Anglican 'conclave' makes Roman version look transparent

It can be hard to make the Vatican look good these days, what with sex abuse victims suing the Pope for crimes against humanity and such.But with the head of the Anglican Communion, Archbishop of Canterbury Rowan Williams, looking ready to retire next year, Nelson Jones at The New Statesman notes that the way a new Anglican leader is chosen is easily as obscure as a flock of cardinals meeting in a secret conclave in the Sistine Chapel -- and the art isn't as good:

The process of choosing bishops and archbishops of the Established church is convoluted and arcane, but its underlying philosophy (like much in Britain) seems to be that some matters are too important to be left to the vagaries of a democratic process. Technically, senior posts in the Church of England are appointed by the Queen, in her capacity as Supreme Governor and Defender of the Faith, on the recommendation of the Prime Minister (who isn't required to have any religious affiliations at all). Some recent prime ministers, including Margaret Thatcher and Tony Blair, are rumoured to have intervened in the selection process. These days, however, the practice of submitting two alternative names to Downing Street has been superseded, which means that bishops and archbishops are now effectively chosen by an obscure committee.The Crown Nominations Commission, as it is called, has some members elected by the General Synod, but that gives it only an indirect legitimacy. It deliberates in secret and never divulges details of its discussions. Some observers suspect that an informal "Buggins' turn" system operates, with unofficial quotas for liberal, Anglo-Catholic and Evangelical bishops and Canterbury itself rotating. (Thus Rowan Williams was a throwback to the ceremonious fence-sitting of Robert Runcie after the somewhat more acerbic tenure of George Carey.) But this is speculation. All we can really say is that, as with the Conservative party in the days of the Magic Circle, soundings are taken and a consensus emerges.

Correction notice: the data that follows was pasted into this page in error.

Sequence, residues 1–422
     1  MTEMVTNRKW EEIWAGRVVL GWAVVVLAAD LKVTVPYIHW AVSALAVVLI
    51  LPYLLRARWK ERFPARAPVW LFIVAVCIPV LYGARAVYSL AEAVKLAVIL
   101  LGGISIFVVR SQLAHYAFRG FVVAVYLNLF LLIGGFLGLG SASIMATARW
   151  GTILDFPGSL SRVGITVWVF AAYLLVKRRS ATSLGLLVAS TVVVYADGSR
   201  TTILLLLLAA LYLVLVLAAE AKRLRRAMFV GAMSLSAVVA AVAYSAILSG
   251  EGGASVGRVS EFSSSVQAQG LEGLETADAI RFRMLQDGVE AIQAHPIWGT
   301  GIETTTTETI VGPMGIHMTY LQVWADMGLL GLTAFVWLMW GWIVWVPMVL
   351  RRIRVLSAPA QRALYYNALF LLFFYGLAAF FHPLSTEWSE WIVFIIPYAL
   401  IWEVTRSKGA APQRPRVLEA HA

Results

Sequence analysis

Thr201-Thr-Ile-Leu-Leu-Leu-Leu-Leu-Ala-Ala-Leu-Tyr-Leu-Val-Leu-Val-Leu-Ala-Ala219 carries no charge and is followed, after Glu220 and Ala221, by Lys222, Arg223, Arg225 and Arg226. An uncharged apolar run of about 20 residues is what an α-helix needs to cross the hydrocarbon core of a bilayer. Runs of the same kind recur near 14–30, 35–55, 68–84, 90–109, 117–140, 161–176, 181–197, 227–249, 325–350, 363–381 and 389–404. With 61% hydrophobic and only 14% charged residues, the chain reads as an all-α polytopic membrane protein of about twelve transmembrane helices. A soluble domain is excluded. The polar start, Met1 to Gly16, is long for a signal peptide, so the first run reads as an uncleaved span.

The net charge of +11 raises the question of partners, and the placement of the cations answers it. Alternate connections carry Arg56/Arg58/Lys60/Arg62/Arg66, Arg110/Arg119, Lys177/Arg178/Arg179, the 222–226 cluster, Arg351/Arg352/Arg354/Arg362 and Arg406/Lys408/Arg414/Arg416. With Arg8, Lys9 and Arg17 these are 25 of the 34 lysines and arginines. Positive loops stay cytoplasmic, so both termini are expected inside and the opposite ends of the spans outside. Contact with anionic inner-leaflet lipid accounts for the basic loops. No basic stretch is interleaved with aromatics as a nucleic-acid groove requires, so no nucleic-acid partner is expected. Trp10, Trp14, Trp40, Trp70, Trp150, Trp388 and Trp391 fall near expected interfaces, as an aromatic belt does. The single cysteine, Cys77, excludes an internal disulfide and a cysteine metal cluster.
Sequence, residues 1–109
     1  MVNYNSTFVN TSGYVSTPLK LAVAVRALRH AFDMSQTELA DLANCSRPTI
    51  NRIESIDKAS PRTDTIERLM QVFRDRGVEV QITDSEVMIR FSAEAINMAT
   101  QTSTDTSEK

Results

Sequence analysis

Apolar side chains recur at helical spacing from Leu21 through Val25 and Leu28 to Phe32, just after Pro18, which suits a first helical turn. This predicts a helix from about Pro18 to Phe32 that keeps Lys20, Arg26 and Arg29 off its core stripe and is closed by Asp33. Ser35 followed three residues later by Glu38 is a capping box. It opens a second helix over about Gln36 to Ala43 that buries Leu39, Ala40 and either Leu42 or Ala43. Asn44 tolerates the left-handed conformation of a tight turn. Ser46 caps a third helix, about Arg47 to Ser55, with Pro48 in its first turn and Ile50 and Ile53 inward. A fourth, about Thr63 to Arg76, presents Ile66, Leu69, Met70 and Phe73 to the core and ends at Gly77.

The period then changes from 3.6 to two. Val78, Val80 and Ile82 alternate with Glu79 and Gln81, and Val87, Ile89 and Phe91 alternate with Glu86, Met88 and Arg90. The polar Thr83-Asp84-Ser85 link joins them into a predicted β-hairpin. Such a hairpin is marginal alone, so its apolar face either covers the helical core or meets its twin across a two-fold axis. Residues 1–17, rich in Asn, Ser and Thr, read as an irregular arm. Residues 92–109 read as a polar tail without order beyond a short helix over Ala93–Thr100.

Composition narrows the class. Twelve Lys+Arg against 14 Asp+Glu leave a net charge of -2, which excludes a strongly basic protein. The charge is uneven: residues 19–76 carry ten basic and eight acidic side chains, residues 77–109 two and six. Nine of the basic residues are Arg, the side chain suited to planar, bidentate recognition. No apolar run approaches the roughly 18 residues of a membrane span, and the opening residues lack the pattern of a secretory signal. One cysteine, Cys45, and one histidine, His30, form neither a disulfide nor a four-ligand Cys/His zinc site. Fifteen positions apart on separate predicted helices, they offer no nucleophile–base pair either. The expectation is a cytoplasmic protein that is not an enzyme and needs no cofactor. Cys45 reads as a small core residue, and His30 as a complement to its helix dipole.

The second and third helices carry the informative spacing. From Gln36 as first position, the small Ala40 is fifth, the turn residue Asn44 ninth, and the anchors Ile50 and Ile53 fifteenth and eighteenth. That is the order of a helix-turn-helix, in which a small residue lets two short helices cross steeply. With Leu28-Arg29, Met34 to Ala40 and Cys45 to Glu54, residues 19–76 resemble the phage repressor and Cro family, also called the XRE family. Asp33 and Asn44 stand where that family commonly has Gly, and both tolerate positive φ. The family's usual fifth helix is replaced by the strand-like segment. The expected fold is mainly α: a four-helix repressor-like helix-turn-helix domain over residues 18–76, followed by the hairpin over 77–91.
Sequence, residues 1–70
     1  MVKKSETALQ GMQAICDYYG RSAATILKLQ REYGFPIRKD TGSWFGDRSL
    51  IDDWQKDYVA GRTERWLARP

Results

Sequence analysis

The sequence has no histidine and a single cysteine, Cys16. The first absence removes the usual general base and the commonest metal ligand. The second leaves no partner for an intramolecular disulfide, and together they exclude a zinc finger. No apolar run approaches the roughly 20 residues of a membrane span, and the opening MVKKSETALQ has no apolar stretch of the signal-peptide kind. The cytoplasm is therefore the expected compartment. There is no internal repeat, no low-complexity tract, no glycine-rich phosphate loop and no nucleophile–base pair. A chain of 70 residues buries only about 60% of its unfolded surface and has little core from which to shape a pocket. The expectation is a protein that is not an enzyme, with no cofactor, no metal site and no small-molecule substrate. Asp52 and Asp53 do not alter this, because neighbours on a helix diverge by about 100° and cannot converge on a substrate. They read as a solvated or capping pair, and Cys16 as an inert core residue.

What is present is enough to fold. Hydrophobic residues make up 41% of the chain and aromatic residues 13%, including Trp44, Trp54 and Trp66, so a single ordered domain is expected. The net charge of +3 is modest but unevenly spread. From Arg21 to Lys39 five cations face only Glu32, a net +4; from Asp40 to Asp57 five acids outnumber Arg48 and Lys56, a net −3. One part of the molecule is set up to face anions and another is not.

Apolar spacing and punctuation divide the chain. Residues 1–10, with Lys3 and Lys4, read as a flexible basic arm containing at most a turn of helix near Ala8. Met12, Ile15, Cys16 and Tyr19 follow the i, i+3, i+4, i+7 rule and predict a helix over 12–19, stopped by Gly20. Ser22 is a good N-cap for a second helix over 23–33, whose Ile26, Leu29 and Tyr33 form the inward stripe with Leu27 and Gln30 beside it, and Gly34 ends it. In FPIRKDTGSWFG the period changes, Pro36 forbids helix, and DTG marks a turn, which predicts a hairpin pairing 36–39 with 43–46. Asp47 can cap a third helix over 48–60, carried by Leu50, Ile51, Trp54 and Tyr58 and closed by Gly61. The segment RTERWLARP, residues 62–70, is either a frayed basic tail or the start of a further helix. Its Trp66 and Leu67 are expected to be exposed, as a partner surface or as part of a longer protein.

Well, at least the Queen will have a say, which is one more woman's vote than they'll have in the conclave.Cross-posted at "Sacred and Profane," my new blog at RNS.

David Gibson is the director of Fordham’s Center on Religion & Culture.

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